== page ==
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You know what we would have done on a night like this? A nothing night. A no party night. A no work night?

I’d have wandered over to your place or you to mine.

We’d have done nothing, together.

Nothing, like watching one of my roommates’ movies. You, going to bathroom halfway through. Forty-five minutes going by. It becoming clear you’re doing that thing again, where you talk to yourself in the mirror and disappear into some alternate reality. You found it much more real than this.

Years later I’d visit you in London, a bad time for you. I saw someone touch your shoulder at a pub and you struggled not to cry. You hadn’t felt human contact in ages. You had everything in London; you had room to dream. It fell away and left you crying at even the faintest touch of something real.

I remember how you wanted to go to dinner. When we sat down you realized you couldn’t eat. You kept disappearing to the bathroom then too. Every ten minutes you’d leave me alone for fifteen. Then you’d hop back to the table, refreshed as if nothing was wrong.

Or on a nothing night like this I’d go to your place, sipping tea over tarot cards. Cards spread on the table of your dive apartment. Your over-the-top, over-sweet and over-lovely gay roommate twirling his hair behind us, trying to figure out why we’re like this. But not minding either.

You were covering his rent. He, having been exiled from Africa by his royal mother when it became clear he was gay, was sent here to grow up at the edge of the earth. Well, he knew how to evoke sympathy. Months later you were both about to be kicked out and she reappeared. I remember you saying how grand she was. She took one look at your sty and said the two of you were moving into a gorgeous new locale. You never did. She died suddenly. Assassination was assumed. And he inherited enough money to move to a better city and to never be heard from again. And even though he left without a trace, we just hoped he was finally okay.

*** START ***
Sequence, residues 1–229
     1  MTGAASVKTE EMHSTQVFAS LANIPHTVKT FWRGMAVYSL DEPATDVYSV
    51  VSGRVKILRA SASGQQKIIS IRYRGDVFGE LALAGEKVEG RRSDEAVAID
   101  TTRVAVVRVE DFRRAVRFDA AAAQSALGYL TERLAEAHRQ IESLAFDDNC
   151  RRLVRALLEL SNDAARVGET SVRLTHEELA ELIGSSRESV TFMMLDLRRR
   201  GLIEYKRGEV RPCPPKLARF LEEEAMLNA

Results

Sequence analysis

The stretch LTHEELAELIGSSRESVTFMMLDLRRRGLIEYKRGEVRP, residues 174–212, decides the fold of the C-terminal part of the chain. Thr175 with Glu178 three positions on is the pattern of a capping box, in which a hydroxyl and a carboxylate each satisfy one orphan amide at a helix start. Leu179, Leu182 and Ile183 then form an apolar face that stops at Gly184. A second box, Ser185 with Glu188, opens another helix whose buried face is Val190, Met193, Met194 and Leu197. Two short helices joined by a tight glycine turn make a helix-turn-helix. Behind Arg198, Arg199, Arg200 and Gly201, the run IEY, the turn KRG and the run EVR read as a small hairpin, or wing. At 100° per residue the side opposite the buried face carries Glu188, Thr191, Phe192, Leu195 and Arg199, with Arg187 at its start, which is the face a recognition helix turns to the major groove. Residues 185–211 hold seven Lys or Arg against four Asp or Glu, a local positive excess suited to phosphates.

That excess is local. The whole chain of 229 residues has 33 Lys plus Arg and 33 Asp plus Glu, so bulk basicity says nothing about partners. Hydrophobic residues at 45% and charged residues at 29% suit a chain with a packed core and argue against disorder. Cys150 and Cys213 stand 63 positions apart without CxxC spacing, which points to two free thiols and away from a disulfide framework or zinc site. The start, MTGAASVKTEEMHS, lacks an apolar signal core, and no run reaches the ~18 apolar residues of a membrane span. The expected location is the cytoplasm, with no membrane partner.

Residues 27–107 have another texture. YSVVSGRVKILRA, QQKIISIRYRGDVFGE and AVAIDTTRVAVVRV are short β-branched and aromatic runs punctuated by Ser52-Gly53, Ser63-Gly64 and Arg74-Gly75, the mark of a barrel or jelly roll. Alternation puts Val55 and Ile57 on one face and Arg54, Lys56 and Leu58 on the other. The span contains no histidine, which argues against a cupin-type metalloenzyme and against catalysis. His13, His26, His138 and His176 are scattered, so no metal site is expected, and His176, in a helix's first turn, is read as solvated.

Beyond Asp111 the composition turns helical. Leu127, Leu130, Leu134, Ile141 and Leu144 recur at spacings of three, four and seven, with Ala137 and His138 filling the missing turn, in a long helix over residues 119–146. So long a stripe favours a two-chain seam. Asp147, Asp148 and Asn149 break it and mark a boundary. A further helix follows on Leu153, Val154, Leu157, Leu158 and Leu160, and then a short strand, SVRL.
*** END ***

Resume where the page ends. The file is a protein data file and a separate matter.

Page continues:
On a nothing night like this we’d walk the streets, drunk. Talking about our years of friendship, the future, books and movies. We had nothing and it was everything.

I felt like I could touch the sky. Other people would get solemn and depressed when they were drunk. They were doing it wrong. We had the world unfolding in front of us. We were greatness. In nothing, we were great.

Now, a decade later, we repeat the past and try to forge ahead.

You, somewhere in Germany, touring with a small theatre show. Hating the other actors and describing over Skype how your visits to the grocery store are the most exciting part of the week.

Me, in a nice apartment and steady job. Being happy and fulfilled in this version of a life and hoping to start the next chapter.

Both of us having lived it. Freedom, failure, tying and getting up again.

We talk about living together again, like we did on and off in that commune your family owned.

It’s not what either of us really wants. But it is the natural progression of this. If we both live out our lives in this never-ending chapter.